Alward prepares PC transition plan
Last Updated: Thursday, September 30, 2010 | 9:52 AM ET
The Progressive Conservatives are busy preparing for their Oct. 12 return to power as Premier-designate David Alward has named his transition team and met with top bureaucrats.
Alward met with outgoing premier Shawn Graham on Wednesday along with several senior bureaucrats to help ensure a smooth handover of power.
The Tories released the official transition team on Thursday, including Sen. Rose-May Poirier; Dennis Cochrane, a former Tory leader and president of St. Thomas University in Fredericton; Ross McKean, a former insider to both ex-Tory leaders Richard Hatfield and Bernard Lord; Hermel Vienneau, a former top adviser to Lord; and Gordon Porter, the former chair of the province's human rights commission.
'Actually one of my first questions for him was how he's managed to keep his hair from greying over the last four years.'— Premier-designate David Alward
Alward has promised to swear in a cabinet of 15 ministers plus himself on Oct. 12.
Alward and Graham met on Wednesday to plan the transition.
After the meeting with his political rival, Alward avoided specific questions from reporters about whether he'll fire any Liberals appointed to deputy minister positions, preferring to focus on easier issues.
"Actually one of my first questions for him was how he's managed to keep his hair from greying over the last four years," Alward told reporters.
Alward's statement reinforced the description from the staff of both political leaders that the two men had a light-hearted meeting.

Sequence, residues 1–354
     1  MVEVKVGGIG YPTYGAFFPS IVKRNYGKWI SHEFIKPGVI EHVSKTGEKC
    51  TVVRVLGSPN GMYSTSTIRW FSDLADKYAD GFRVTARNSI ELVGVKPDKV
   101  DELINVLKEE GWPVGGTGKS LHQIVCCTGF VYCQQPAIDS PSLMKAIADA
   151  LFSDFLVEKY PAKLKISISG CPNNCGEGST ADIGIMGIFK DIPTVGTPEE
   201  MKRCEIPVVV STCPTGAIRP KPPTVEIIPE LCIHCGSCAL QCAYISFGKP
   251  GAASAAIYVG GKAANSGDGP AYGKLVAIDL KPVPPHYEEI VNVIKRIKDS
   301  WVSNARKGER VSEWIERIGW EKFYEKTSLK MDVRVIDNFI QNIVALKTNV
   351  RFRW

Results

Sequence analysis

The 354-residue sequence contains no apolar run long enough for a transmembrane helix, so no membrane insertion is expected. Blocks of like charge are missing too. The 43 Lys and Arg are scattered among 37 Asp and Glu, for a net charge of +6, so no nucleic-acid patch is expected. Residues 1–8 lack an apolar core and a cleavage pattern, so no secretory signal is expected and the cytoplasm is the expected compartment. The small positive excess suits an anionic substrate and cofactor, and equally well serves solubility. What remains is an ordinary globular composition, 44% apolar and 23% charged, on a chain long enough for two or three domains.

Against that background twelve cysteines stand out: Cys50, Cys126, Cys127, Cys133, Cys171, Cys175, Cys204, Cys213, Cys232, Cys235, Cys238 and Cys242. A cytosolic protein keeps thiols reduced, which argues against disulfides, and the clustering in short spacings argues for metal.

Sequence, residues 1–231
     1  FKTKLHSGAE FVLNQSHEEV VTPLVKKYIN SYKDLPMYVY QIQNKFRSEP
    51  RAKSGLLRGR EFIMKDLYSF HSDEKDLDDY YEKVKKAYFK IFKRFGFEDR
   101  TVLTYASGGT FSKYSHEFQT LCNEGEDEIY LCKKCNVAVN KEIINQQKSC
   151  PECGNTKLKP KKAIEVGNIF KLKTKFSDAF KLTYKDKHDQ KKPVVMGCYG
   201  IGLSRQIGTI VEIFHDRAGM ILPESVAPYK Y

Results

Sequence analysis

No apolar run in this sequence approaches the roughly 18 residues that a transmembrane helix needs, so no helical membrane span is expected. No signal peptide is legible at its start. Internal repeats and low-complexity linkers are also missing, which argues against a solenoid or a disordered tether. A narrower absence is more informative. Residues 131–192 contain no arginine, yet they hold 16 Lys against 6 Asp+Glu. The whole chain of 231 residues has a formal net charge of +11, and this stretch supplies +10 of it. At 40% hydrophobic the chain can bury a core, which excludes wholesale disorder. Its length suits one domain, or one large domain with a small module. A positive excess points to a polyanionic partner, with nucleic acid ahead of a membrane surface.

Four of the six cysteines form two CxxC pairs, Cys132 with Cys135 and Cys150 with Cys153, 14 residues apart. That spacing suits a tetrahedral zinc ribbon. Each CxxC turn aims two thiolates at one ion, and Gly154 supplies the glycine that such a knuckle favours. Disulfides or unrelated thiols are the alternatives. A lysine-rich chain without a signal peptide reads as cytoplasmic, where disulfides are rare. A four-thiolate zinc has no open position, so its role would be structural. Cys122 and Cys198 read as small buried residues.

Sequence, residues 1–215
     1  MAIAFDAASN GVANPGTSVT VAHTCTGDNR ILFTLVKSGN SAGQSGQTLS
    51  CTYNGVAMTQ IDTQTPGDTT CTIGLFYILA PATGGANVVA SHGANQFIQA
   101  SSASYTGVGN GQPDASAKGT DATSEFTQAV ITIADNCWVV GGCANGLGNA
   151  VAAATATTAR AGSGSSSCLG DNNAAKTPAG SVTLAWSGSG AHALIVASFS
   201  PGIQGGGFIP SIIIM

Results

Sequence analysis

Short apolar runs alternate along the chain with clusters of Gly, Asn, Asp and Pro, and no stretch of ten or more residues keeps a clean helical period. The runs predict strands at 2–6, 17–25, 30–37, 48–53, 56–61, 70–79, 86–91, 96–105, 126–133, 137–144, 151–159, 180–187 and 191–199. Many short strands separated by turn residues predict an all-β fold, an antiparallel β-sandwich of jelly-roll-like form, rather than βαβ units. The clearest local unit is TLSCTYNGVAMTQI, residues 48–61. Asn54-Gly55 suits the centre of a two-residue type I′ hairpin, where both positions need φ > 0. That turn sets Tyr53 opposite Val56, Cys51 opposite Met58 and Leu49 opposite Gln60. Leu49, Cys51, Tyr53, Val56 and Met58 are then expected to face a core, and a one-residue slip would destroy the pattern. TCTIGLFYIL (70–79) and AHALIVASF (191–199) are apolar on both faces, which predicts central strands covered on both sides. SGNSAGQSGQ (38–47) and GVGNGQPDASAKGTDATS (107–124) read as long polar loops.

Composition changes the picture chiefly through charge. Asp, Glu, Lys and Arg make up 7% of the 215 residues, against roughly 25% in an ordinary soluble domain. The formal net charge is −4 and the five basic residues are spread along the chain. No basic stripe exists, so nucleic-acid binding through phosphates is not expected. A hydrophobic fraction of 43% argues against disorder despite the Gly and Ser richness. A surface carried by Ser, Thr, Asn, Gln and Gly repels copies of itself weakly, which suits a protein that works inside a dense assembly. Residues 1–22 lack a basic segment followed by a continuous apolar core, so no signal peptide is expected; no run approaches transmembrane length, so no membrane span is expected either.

Along with a trimmed down cabinet — Graham had 20 ministers plus himself — Alward did talk about giving backbench MLAs a bigger role on committees and making the legislative assembly more co-operative.
Graham, who became New Brunswick's first premier to be ousted after only one term on Sept. 27, offered some free advice to his successor.
He advised Alward to avoid taking the stress of the job home with him at night.
"It's important that when he leaves this office at night, he puts his family first and he doesn't take home the trials and tribulations of public office," Graham said.
Graham will not lead his caucus of 13 Liberals into the next legislative session.
The Liberal caucus is expected to meet next week and discuss plans for selecting an interim leader. Former cabinet ministers, such as Victor Boudreau and Donald Arseneault, have been rumoured to be possible interim replacements for Graham if they decide not to run to replace the outgoing leader permanently.
Although Graham will keep his riding of Kent, which he has held since a 1998 byelection, he will not serve as Opposition leader again. Graham was the province's Opposition leader from 2002 to 2006.
Former Liberal premier Camille Theriault stayed on as Opposition leader until March 2001 after his June 1999 defeat to Lord's Progressive Conservatives.
New Brunswick law forces the premier to call a byelection within six months of any vacancies. Even though Kent has been held by Graham and his father, Alan since 1967, the party may be encouraging Graham to stay on to avoid losing a byelection so soon after the Sept. 27 campaign.